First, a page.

Even though April was convinced by the MIT survey that she had autism, she still did not see a doctor. Instead, she initially turned to a four-legged friend for support. “I finally moved out of my parents’ house three years ago. I knew that this change brought with it a lot of anxiety, so I decided that getting a puppy would help me cope with all my newfound freedom. A couple of days later, I had to get my wisdom teeth out. I took more pain medication, and began hallucinating. I had experienced severe depression in the past… I had even had suicidal ideation before. This time was different. The only thing that stopped me from committing suicide that day was my new puppy. I was hallucinating so badly I was seeing three of her. I knew I had to stay alive so that she would be taken care of.”

After this experience, April knew that she had to see someone. “I kept thinking… this just isn’t me anymore.” She searched Psychology Today’s directory of therapists and decided to give one a call. But when the phone started to ring, she hung up, overcome with uncertainty. “The therapist called me back even after I hung up. After my first visit, I was officially diagnosed with symptoms of autism, specifically Asperger’s.”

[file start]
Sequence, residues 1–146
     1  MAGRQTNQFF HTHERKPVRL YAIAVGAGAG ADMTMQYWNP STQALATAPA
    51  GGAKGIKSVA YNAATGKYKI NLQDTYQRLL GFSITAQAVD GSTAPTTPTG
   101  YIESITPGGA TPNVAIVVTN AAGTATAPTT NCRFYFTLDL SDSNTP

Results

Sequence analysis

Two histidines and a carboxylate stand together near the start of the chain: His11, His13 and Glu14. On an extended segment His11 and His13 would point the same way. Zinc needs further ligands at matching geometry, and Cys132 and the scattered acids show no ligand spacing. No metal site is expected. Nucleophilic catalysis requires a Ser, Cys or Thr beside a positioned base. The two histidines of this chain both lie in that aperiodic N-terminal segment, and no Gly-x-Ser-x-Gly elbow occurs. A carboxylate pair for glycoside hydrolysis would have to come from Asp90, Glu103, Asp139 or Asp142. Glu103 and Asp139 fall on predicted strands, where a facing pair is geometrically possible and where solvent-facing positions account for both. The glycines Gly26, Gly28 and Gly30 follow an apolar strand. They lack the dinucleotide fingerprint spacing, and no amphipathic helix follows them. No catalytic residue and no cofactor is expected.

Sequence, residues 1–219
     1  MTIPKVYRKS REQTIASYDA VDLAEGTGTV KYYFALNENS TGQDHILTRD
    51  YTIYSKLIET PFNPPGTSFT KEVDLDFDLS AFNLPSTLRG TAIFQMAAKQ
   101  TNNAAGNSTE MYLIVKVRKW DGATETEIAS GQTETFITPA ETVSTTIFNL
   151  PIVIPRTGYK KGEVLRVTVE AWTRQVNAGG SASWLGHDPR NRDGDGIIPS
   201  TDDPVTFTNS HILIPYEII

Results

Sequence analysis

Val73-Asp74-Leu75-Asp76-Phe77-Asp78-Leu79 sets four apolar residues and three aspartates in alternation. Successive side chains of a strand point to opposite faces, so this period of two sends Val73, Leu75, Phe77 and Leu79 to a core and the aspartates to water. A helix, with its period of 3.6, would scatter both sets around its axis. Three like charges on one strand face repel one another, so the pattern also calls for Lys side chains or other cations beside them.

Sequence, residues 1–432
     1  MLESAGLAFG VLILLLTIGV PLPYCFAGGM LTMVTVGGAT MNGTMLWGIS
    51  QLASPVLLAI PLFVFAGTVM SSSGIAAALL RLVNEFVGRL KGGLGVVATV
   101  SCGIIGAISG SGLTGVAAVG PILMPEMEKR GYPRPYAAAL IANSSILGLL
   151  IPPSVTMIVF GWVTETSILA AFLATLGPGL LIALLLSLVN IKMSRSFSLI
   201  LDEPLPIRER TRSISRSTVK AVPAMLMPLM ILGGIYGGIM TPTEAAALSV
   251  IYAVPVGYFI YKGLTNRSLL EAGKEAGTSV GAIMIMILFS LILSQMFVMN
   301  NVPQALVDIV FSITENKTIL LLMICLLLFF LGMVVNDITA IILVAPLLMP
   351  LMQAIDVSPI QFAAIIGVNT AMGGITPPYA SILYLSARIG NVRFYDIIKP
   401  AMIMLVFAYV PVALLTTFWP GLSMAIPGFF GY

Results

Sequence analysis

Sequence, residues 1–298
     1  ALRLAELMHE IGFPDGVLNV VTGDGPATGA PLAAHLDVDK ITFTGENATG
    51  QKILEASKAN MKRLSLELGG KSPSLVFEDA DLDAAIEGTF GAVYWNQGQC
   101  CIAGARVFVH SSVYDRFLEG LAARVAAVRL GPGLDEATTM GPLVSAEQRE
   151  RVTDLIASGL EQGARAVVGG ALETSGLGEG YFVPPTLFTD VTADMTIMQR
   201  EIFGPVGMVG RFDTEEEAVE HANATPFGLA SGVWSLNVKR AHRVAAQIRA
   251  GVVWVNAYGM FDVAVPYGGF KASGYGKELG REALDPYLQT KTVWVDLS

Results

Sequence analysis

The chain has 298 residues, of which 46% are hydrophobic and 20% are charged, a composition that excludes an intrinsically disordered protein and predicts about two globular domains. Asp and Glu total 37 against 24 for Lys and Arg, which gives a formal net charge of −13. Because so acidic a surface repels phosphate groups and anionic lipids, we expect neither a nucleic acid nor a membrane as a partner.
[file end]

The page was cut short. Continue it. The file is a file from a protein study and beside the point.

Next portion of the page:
Being informed — and seeing a therapist — has helped April to handle situations that previously would have caused her trouble. “I am able to make accommodations for myself now so that other people don’t have to. I’m also able to plan ahead for things that I know will cause me anxiety or panic.”

“One person who I told in confidence even asked if I was dangerous.”

Even so, April gets mixed reactions when she tells people about her condition. “Those that are close to me react positively. I had a roommate that was very rude to me; she even abused my puppy, which at that time had become my service dog. I also have a landlord that’s trying to kick me out of my apartment because she found out about my condition. One person who I told in confidence even asked if I was dangerous.”

April has found sources of support outside of her dog and therapist, even if it sometimes doesn’t come from the most obvious places. “I’ve done a lot of research on my condition, and one thing I found out is that gender dysphoria is more common in autistic people. What’s funny is that I’ve found so much more acceptance among people who are LGBT… or those who don’t fit in with the social norms in other ways. It makes it easier for people like me in the world because we don’t have to be so afraid of being different,” she remarks.

April wants those who are diagnosed with autism to know that: “The best thing that’s going to help you is to set up a safe space to go to when you’re overwhelmed. It’s going to be tempting to research everything at first. You’re also going to be hyperaware of your hypersensitivity. When I can’t handle the world, my safe place is where I go. Make sure yours has food, water, and something to hug like a pillow or stuffed animal. Plan for when you have those panic attacks.”

April has one other important suggestion for people living with autism: “Also, cat memes are great — I feel like they’re little animals with autism,” she laughs.

By Ashley Spencer, Writer’s Ink